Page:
Re: IT Audits/PT's of Smartphones



On Thu, Aug 4, 2011 at 7:22 AM, Sheran Gunasekera <sheran@xxxxxxxxxxxxxx> wrote:
I'm assuming you mean application vulnerability scanners?  As far as
I'm aware this is an area that needs improvement.  I've done several

An automated app crawler would be possible for Android using the SDK
emulator and Eclipse DDMS.

However, for iOS and BBOS, the apps appear to be much more difficult
as there is no full emulator for testing (only simulators that do not
have all of the necessary functional testing approaches/components).

pentests for applications developed by third-party vendors for my
clients.  I generally follow this approach:

1. Get a copy of the app (usually I get it through the developer; if
its live, you could download it) and reverse engineer it.  During this
stage I check for:

It is much more efficient to get a copy of the build environment or
steps necessary (with source code and commercial third-party
components included) to re-create a successful build. This is true
even with regards to Android.

The arguments are clearly stated here --
http://blog.nvisiumsecurity.com/2011/06/blackbox-vs-whitebox-mobile-security.html
-- "With source code for the client-side app, a security tester can
execute and debug the app within an IDE. The application still runs
on an actual device or emulator/simulator, but the application's flow
of execution can be tightly controlled through the IDE. Methodically
debugging in Eclipse or Xcode is much more efficient than other
methods of testing. Having the luxury to set breakpoints at key areas
within the application can give a skilled tester the ability to do
magical things".

a. Storing sensitive data (like login credentials) without adequate
protection - like encryption > b. Hardcoded encryption keys > c. Algorithms that encode data (e.g. base64) rather than encrypt data

Temporary storage in memory or swap is also problematic, no only for
the process of the app, but also other processes (especially logging).

For the iPhone, I have my own jailbroken device that I can ssh to.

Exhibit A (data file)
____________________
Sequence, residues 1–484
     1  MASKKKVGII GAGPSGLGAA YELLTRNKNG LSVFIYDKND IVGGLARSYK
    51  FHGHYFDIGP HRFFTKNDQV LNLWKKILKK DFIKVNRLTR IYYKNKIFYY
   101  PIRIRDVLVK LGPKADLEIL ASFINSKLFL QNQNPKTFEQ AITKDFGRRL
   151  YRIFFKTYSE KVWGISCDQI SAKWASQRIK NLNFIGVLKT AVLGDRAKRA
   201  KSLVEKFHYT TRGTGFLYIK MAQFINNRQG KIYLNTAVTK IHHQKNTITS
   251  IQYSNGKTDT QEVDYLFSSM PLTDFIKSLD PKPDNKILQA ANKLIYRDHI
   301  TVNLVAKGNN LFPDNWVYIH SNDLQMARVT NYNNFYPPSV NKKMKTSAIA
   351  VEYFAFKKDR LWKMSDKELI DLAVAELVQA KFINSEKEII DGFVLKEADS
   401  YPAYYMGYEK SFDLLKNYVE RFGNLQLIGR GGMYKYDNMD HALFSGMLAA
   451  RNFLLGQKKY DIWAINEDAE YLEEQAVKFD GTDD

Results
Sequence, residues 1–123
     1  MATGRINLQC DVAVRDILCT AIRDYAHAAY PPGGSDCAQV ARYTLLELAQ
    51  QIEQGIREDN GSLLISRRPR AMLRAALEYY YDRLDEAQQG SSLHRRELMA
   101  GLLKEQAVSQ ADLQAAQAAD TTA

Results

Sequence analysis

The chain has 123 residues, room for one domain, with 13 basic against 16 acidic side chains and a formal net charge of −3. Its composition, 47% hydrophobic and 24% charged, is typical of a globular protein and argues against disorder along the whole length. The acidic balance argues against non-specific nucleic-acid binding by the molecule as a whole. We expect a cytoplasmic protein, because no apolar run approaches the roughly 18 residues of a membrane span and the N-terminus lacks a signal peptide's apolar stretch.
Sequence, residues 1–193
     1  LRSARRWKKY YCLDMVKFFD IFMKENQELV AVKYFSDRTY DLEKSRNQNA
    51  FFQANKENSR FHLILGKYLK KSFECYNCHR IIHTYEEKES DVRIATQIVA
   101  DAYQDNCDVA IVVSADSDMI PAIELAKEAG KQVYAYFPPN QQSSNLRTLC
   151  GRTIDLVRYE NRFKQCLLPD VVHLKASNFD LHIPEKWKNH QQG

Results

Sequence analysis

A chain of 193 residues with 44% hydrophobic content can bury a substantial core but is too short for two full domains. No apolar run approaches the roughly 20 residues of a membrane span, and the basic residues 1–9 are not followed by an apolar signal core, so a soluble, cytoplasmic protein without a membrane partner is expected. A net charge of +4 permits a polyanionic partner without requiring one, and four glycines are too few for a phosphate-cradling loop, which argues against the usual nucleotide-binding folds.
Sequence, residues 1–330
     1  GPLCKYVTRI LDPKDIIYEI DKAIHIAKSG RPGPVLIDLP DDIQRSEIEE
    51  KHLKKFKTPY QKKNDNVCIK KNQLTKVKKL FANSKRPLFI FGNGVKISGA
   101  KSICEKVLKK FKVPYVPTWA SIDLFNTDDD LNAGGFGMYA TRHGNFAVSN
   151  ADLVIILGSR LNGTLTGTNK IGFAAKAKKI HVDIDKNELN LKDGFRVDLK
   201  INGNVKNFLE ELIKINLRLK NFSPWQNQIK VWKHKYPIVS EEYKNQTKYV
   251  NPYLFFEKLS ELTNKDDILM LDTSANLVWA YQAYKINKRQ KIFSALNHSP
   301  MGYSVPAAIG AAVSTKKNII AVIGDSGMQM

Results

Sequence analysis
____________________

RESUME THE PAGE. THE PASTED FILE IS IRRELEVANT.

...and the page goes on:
Once there, I can use the standard tools like gdb to debig and otool
to disassemble.

You should do a write-up on the procedures you take to do this. I
would be very interested, and know many others that are interested as
well. In the meantime, check out --
http://trailofbits.com/2011/08/10/ios-4-security-evaluation/

For the BlackBerry, I've written my own decompiler so that I can
decompile .cod files.  I just use that to read off the standard Java
code.

Can you please put your code up on GitHub and send us the link? If you
don't want to release at this time, could you at least point people in
the direction of what libraries, system calls, or other software
components you used to build the decompiler? I know that the iSec
Partners "Mobile Application Security" book covers the concepts, but
it's wonderful to contribute to the community, especially early-on ;>

2. Often, enterprise apps (like mobile banking, stock trading, etc)
will always connect to a server.  So I check the communication between
client and server.  I use the Mallory proxy together with my ubuntu
box and usb-wifi adapter to 'break' ssl and look at the plain text
traffic.  Sometimes, from step (1) above, you can also collect clues
as to how the client app will communicate with the server app.

Often, I find that the server app is merely a Web Service and does not
appreciate normal HTTP/TLS without XML.

Sadly, there is a shortage of skilled enterprise app developers.  In
almost all my pentests, the apps have been nothing more than a
BrowserField (BlackBerry) or UIWebView (iOS) that just displays
HTML/CSS/JS content on the mobile device.  It is nothing more than a
web application running on the device.  So in cases like these, I just
end up focusing a lot on the server and it ends up in a web app
pentest instead.

It is my guess that iPad apps like vudu.com will become the standard:
A) Because of the dominance of the iPad and the App Store
B) Because of the licensing restrictions for content, advertising, app
capabilities, App Store app reviews/stipulations, etc imposed by Apple

In other words, apps will not even do much except open a Safari
instance to a series of HTML5 web applications that are riddled with
vulnerabilities.

OWASP iGoat and OWASP GoatDroid will be good starting points for
anyone interested in this kind of research or work.

Cheers,
Andre

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